Tuesday, January 7, 2020

Yuletide Game Reflections

On January 7 we slip past the 12 Days of Christmas and back into the cold, dark, drudgery of the New Year, facing numerous tasks postponed by a month-long holiday preparation and celebration plus the inevitable disappointment when we break our New Year’s Resolutions (a ritual I’ve long since abandoned). It’s easy this time of year to descend into the depths contemplating the misery of reality, to allow the real-world anxieties to wash up over our temporary yet festive bulwark of holiday jubilation. So forgive me if I reflect on the fun game-related bits of this passing yuletide celebration in a futile attempt to prolong the uplifting spirit of the season.

Right before the holidays I had an unexpected treat: the copy of Trilemma Adventures compendium I’d supported through Kickstarter arrived. I stole glances at this beautiful gaming artifact on the few occasions I had free time during the holidays. I was impressed not only by the wonderful cutaway location illustrations and exotic elements for each setting – all of which I’d seen before at the Trilemma Adventures website – but at the amazing production values behind the hardcover book, including full-color, endpaper maps, bookmark ribbon, and high-quality paper. A limited number of these gorgeous books are still for sale; you can read the adventures online for free (or download them as individual PDFs), but the compendium combines them with additional material in a truly keepsake package.

I remain grateful I have so many generous people in my life who help me enjoy the adventure gaming hobby. A friend looked up my Amazon wish list and sent along a Cardassian ship for Star Trek Attack Wing as thanks for the stollen I send him annually. My family gave me a host of game-related gifts, including Osprey books on Midway and Wilderness and Spotsylvania, a French Indian War expansion for the Hold the Line American Revolution game I got last year, Steve Jackson Games’ Cthulhu Dice, 5-Minute Dungeon, the Cruel Seas starter set and PT boat box, and Ravensberger’s cooperative board game of Universal monsters, Horrified.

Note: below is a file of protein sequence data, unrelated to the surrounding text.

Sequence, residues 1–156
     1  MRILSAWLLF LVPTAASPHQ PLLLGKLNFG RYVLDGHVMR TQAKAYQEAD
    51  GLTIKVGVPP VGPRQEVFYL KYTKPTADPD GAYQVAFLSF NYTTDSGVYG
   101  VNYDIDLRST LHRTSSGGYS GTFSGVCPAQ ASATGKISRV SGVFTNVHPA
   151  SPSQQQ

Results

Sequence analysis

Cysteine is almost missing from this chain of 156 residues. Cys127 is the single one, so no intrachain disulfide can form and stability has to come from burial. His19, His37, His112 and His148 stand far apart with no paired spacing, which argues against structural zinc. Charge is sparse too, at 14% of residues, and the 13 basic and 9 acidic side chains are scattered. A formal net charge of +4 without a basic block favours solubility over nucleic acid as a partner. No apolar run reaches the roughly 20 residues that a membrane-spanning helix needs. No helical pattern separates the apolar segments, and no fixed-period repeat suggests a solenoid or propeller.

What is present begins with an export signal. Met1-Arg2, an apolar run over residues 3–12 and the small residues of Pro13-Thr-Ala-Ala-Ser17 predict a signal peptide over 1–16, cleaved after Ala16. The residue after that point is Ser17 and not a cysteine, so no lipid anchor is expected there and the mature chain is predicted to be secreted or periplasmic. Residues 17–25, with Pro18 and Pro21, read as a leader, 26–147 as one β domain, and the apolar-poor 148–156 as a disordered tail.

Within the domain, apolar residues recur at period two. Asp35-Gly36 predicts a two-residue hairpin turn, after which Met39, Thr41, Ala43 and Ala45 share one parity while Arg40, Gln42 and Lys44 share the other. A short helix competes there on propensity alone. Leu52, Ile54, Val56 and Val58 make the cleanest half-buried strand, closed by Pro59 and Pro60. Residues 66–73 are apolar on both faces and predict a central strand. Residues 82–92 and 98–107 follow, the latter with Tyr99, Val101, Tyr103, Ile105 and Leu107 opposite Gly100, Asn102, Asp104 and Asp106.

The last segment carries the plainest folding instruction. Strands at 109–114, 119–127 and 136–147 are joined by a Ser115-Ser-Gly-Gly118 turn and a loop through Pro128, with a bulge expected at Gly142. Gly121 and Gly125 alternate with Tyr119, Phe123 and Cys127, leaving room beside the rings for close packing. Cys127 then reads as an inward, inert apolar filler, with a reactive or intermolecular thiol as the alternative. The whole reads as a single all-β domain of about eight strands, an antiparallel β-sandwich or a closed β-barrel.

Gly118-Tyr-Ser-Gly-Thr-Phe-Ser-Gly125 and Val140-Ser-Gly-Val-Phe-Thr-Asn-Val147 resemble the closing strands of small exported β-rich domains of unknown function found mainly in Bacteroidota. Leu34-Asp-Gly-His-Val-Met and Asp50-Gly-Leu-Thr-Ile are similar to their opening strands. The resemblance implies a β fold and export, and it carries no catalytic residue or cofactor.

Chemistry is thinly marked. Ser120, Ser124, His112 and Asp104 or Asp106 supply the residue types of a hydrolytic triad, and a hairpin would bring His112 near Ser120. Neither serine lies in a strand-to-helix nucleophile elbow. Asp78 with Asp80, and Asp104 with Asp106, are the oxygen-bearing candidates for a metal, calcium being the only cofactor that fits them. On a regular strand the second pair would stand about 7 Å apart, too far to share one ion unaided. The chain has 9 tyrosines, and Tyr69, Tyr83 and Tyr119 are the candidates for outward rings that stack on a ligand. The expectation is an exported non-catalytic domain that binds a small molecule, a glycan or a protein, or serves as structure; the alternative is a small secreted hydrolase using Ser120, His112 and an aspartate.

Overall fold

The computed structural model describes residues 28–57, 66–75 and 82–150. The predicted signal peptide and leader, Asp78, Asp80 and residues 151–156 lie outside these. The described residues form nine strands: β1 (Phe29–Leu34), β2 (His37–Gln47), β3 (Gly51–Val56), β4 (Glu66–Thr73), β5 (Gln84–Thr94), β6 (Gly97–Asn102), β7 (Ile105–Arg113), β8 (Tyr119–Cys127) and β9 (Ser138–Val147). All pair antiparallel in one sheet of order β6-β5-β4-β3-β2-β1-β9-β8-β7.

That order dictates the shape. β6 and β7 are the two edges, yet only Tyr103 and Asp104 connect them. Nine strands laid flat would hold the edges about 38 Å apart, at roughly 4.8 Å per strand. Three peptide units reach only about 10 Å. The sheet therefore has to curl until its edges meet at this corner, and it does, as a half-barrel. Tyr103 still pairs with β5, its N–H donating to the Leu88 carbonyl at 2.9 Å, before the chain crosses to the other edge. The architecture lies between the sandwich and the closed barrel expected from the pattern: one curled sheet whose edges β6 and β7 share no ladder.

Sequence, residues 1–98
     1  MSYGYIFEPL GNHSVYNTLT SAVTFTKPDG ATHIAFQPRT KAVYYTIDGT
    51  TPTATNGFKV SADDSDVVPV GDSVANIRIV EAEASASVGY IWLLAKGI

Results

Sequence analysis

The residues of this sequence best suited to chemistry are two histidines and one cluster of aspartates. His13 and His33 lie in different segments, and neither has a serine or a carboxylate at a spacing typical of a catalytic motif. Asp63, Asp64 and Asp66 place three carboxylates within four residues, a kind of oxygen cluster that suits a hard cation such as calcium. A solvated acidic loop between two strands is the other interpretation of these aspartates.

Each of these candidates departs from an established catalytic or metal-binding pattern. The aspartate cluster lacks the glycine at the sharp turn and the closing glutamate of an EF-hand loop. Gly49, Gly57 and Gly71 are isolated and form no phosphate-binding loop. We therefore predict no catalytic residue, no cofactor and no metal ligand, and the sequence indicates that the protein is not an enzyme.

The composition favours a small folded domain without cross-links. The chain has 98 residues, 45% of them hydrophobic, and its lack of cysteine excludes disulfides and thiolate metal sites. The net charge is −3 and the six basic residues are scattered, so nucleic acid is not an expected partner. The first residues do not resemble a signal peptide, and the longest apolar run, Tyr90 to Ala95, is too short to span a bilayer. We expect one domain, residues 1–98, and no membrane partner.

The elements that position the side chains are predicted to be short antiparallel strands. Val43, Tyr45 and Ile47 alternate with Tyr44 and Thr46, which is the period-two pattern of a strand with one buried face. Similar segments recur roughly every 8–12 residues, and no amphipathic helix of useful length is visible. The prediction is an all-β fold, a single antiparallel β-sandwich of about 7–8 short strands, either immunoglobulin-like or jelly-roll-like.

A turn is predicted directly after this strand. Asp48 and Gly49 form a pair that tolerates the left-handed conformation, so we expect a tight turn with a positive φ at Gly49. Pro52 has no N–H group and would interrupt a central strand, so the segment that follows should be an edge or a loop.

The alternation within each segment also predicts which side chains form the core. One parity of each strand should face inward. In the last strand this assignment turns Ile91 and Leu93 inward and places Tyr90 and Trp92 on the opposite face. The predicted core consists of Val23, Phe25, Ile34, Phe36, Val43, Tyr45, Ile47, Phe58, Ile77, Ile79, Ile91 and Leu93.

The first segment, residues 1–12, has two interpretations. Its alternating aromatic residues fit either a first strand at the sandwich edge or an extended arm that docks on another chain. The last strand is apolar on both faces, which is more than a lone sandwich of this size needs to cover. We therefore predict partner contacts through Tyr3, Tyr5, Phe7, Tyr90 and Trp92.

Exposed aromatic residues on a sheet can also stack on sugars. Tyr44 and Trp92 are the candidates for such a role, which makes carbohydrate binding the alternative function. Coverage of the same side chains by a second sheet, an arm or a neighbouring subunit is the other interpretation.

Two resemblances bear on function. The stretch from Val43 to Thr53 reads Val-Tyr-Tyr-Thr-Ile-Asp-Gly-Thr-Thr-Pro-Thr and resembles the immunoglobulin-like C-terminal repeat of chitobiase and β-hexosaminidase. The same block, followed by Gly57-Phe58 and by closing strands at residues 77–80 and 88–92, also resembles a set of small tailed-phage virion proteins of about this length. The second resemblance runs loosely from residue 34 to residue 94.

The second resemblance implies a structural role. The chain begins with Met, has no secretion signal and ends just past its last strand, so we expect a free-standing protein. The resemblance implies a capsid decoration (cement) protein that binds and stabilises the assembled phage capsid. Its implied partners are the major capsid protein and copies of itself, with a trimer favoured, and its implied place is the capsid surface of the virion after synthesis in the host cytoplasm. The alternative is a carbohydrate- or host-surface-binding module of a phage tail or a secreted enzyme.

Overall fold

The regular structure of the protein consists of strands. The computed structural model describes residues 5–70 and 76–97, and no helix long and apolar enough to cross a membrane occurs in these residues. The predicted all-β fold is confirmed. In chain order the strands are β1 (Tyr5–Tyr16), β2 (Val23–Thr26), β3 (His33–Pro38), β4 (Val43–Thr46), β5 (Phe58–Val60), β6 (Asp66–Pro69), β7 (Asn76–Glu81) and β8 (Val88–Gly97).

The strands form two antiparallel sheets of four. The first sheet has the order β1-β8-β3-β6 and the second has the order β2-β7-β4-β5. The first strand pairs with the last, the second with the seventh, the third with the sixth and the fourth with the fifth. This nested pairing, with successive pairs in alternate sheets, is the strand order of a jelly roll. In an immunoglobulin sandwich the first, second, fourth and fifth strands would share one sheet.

After the holiday proper I realized I had some Amazon gift card credit, so I used it to buy some Japanese MTBs for Cruel Seas, Scott Malthouse’s Romance of the Perilous Land roleplaying game (recently given a professional release by Osprey Publishing), and another Cardassian ship for Star Trek Attack Wing.

(As frequent readers might suspect, I’m bound to feature some of these new games here on Hobby Games Recce as the inspiration strikes me.)

The games are already making it to the table. I’ve already tested out the Cruel Seas rules in a few solo scenarios with unpainted ships (I can already hear the wargaming grognards crying “Blasphemy!”). Once I get more Japanese ships I might be able to tempt a friend who likes WWII Pacific history to give it a try. My son’s studying Virginia and American history this year, so the Hold the Line games are ideal for providing some experiential context. And we’ve already given Horrified a few plays to familiarize ourselves with the rules and play against our favorite monsters.

We spent our holiday celebrations quietly at home, with a friend over for Christmas and New Year’s for good food, fellowship, a few games, and binge-watching The Mandalorian. We managed to see Star Wars: The Rise of Skywalker twice. For once it was a relaxed experience to look back on fondly – beyond the mere materialistic acquisition of presents – as a peaceful, bright time in the midst of the dark chaos of the universe. I hope everyone had a wondrous holiday season filled with fellowship, good food, and plenty of gaming goodness to provide a positive start to the New Year.

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